What to do on a cold, rainy Saturday?

Students from area elementary schools spent the day staying active indoors during Spectrum Health’s sixth annual Jump Jam, a competitive jump rope competition for third- through fifth-grade students.

More than 500 kids participated in activities that encourage healthy and active lifestyles. In addition to physical fitness, the event fosters teamwork, goal setting and good sportsmanship.


What is Healthy Counts?

The Healthy Counts, a program of the Helen DeVos Children’s Hospital Healthy Weight Center, provides the following reminders for kids and families:

• Eight hours of sleep or more each night

• Seven breakfasts a week

• Six home-cooked meals a week

• Five servings of fruits and vegetables a day

• Four positive self-messages a day

• Three servings of low-fat dairy a day

• Two hours maximum screen time a day

• One hour or more of physical activity a day

• Zero sugary drinks a day

Tina Freese Decker, executive vice president and chief operating officer of Spectrum Health, kicked off the event.

“Spectrum Health is committed to the health of the communities we serve,” she said. “And I am so proud of all of these kids for being focused on health and wellness. It’s really what we should be focusing on as a community.”

Advice she had for the students in attendance?

Stay healthy. Keep exercising. Eat well. And have a lot of fun!

Hundreds of students paraded in with hand-designed signs sporting their school names. Then it was a sea of jump ropes—fluorescent pink, yellow, lime green, orange and purple.

For River City Scholars, it was their first year participating.

Allyse Jones, a third grader at River City, said she was most excited about competing in the 1-2. It’s a specific jump technique where you jump rope as fast as you can, one foot at a time.

“We’re in it to win it!” she exclaimed as she showed off her skills.

Vista Charter competed for the first time, too. Coach Nicole Kline had 27 kids in tow who participated in three different events—the Iron Kid, Single Long Jump and Basic Jump.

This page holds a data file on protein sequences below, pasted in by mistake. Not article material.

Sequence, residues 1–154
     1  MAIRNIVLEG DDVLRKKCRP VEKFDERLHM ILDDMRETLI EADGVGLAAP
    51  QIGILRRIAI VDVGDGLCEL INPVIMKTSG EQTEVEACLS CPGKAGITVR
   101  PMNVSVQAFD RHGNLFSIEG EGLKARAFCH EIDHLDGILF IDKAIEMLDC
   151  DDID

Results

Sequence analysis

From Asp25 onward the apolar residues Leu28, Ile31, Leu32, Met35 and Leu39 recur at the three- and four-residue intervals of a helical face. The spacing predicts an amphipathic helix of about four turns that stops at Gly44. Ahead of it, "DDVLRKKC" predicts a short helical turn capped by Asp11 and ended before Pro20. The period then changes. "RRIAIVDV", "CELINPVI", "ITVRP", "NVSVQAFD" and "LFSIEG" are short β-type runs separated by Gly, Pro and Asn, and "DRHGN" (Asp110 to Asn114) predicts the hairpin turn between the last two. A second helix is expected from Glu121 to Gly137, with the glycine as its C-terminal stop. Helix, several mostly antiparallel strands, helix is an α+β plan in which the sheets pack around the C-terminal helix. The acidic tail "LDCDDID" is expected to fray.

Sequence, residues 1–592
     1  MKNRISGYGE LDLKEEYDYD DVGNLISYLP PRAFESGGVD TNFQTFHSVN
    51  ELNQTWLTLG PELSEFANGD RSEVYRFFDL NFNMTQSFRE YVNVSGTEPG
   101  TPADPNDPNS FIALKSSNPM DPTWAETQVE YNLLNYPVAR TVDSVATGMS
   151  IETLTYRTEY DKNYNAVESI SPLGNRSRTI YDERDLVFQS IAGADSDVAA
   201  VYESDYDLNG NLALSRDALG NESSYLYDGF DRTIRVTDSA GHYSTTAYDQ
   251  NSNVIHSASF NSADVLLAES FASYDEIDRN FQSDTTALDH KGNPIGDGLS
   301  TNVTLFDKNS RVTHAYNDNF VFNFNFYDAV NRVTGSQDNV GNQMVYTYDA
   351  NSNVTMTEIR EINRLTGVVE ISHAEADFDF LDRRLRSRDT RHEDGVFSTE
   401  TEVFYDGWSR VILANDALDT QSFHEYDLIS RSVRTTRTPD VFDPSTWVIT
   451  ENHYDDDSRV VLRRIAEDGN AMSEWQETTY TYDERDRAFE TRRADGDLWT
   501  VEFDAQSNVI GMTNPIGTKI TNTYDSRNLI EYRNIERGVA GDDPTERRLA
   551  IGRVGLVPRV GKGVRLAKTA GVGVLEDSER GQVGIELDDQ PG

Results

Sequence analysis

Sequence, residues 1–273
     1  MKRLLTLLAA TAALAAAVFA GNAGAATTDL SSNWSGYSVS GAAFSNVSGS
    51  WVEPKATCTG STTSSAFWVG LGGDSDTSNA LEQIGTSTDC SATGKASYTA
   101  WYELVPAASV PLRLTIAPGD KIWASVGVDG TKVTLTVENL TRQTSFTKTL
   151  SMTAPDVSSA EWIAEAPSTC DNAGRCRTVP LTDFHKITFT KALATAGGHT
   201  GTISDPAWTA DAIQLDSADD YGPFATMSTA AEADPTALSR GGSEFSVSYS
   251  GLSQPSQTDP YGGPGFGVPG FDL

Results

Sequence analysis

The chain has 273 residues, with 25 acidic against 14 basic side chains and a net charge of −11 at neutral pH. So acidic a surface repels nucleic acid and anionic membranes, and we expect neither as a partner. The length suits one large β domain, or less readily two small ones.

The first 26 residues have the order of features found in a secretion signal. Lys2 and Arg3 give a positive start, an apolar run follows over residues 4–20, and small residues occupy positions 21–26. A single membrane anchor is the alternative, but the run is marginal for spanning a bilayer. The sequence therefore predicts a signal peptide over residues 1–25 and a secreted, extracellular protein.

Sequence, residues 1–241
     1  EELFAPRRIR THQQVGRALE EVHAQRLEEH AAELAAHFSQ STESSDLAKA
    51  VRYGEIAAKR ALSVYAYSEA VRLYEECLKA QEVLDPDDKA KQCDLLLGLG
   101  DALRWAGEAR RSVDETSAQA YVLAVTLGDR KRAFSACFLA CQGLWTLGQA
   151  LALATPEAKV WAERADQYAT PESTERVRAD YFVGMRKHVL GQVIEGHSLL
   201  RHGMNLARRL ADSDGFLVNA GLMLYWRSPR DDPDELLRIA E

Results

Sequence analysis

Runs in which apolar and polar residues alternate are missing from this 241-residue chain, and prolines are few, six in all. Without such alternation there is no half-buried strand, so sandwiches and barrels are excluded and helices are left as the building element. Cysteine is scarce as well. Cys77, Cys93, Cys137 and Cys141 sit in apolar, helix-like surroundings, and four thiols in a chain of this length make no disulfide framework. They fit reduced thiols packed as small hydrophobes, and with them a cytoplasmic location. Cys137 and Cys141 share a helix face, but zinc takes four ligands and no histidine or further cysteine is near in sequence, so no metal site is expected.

“I love being able to see kids get out and stay active,” Kline said. “Jump Jam gives kids an opportunity to excel.

“Jumping rope is an individual activity, and makes kids feel unique and successful.”

Lucie Silver, exercise physiologist, Phoebe Bell, social worker, and Bill Stratbucker, MD, section chief for the Healthy Weight Center at Helen DeVos Children’s Hospital, handed out information on the Healthy Counts program that promotes healthy activities.

Each kid participating in Jump Jam has been practicing Healthy Counts at school and at home for the past nine weeks in preparation for the event.

Dr. Stratbucker and Silver had some great advice to share.

“Get up and get moving more as a family,” Silver said. “If you move more, it helps with sleep, reduces screen time and gives you added energy. There are many benefits from just trying to move more.”

“One cool thing about the Healthy Counts program is that they are all inter-related,” Dr. Stratbucker said. “The one that we see missed quite frequently is right in the middle—focusing on positive self-messages. Eating healthy, moving more, and several other focus areas of Healthy Counts will ultimately give you a better outlook on life.”

He added that if you’re not sleeping and spend too much time on your screens, you likely don’t feel good about yourself, may not have time for breakfast and likely won’t be as active.

“Activity is good no matter what it is,” Dr. Stratbucker said. “And no matter what size, shape or age you are. Activity is always good.”